Noe Acache: And for all of these categories, you’ll get a score between zero and one. And concatenating all these scores together, you can get an embedding which you can put in a vector database for your vector search. It’s kind of hard to scale because you need to do a specific model and labeling for each type of object. And I really wonder how Google lens does because their algorithm work very well. So are they working more like with this kind of functioning or this kind of functioning? So if anyone had any thought on that or any idea, again, I’d be happy to talk about it afterwards. And finally, I feel like we made a lot of advancements in multimodal training, trying to combine text inputs with image. We’ve made input to build some kind of complex embeddings. And how great would it be to have an image embeding you could guide with text.
Noe Acache: So you could just like when creating an embedding of your image, just say, all right, here, I don’t care about the movements, I only care about the features on the object, for instance. And then it will learn an embedding according to your task without any fine tuning. I really feel like with the current state of the arts we are able to do this. I mean, we need to do it, but the technology is ready.
Demetrios: Can I ask a few questions before you jump into the second use case?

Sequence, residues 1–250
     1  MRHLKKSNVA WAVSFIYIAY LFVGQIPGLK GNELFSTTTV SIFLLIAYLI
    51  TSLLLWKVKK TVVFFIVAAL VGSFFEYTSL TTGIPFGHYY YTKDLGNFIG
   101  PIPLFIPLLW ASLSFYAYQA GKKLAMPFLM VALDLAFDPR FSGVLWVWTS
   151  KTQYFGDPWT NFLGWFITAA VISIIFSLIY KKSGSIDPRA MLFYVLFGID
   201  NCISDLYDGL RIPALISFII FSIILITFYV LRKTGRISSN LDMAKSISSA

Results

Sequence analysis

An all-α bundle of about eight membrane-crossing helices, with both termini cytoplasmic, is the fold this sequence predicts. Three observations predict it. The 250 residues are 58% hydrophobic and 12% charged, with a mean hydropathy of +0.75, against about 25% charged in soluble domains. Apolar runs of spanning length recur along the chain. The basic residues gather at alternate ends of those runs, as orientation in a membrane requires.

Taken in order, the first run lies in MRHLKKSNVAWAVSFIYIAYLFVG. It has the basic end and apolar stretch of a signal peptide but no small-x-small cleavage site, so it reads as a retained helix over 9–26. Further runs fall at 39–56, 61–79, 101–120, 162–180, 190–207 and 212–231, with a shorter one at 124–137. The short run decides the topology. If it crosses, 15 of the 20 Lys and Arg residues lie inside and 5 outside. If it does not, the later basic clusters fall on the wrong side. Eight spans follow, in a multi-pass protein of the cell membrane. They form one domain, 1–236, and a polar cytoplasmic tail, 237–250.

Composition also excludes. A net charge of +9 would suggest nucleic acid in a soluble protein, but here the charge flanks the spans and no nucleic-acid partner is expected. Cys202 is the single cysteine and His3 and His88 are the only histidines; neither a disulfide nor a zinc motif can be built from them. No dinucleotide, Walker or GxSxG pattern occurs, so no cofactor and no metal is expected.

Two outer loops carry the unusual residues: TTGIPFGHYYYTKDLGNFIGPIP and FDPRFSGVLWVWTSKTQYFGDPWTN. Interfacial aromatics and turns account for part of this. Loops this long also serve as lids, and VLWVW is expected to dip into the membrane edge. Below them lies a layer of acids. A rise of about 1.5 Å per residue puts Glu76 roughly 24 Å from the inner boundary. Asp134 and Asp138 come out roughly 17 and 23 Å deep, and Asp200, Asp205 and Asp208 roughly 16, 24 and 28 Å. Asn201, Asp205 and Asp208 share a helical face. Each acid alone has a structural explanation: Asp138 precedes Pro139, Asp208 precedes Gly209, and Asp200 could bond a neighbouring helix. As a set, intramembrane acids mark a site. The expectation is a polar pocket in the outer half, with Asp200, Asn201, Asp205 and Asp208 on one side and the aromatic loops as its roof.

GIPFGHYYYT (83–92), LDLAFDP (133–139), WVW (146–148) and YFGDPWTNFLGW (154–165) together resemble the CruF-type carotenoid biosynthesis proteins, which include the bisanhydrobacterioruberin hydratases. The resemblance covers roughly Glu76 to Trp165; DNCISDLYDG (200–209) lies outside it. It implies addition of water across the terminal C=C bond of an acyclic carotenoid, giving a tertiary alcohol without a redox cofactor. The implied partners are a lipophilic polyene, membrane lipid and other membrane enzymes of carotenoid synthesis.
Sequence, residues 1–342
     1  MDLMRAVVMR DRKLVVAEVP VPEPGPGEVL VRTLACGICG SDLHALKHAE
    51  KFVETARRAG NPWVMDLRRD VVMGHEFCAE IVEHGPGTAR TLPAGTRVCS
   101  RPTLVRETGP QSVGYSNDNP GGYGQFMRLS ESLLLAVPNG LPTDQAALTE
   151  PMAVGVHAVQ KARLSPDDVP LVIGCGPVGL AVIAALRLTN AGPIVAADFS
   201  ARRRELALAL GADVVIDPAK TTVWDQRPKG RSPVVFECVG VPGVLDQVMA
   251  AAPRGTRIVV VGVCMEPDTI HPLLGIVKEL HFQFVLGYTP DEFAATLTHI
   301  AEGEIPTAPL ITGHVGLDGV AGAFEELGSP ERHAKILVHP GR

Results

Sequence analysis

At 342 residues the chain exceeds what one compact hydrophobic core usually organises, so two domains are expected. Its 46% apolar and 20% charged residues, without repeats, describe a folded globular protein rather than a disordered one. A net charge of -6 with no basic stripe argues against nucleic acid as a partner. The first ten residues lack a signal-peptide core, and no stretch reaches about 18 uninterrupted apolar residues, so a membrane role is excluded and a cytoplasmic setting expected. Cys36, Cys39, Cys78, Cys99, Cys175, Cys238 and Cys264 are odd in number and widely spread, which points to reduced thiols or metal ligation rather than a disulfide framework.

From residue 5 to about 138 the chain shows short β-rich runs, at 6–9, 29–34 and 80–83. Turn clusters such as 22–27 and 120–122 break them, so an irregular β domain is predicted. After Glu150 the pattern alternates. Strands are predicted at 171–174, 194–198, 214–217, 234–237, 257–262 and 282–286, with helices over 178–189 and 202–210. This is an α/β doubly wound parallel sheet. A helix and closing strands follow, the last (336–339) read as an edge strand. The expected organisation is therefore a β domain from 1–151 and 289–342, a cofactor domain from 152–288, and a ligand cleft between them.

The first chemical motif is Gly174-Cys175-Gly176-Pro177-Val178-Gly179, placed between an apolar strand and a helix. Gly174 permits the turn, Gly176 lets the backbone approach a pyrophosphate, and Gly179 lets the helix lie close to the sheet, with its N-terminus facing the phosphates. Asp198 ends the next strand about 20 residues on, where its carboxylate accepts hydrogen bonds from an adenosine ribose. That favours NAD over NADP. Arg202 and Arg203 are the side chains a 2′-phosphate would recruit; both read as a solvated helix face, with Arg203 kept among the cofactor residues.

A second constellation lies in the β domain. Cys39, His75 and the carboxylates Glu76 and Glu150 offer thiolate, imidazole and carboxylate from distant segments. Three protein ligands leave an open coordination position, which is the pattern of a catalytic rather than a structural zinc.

Noe Acache: Yes.
Demetrios: What other models were you looking at besides the dyno one?
Noe Acache: I said here, compared to Resnet, efficient nets and these kind of architectures.
Demetrios: Maybe this was too early, or maybe it’s not actually valuable. Was that like segment anything? Did that come into the play?
Noe Acache: So segment anything? I don’t think they redo embeddings. It’s really about segmentation. So here I was just showing the segmentation part because it’s a cool outcome of the model and it shows that the model works well here we are really here to build a representation of the image we cannot really play with segment anything for the matching, to my knowledge, at least.
Demetrios: And then on the next slide where you talked about things you would do differently, or the last slide, I guess the areas of improvement you mentioned label hard examples for fine tuning. And I feel like, yeah, there’s one way of doing it, which is you hand picking the different embeddings that you think are going to be hard. And then there’s another one where I think there’s tools out there now that can kind of show you where there are different embeddings that aren’t doing so well or that are more edge cases.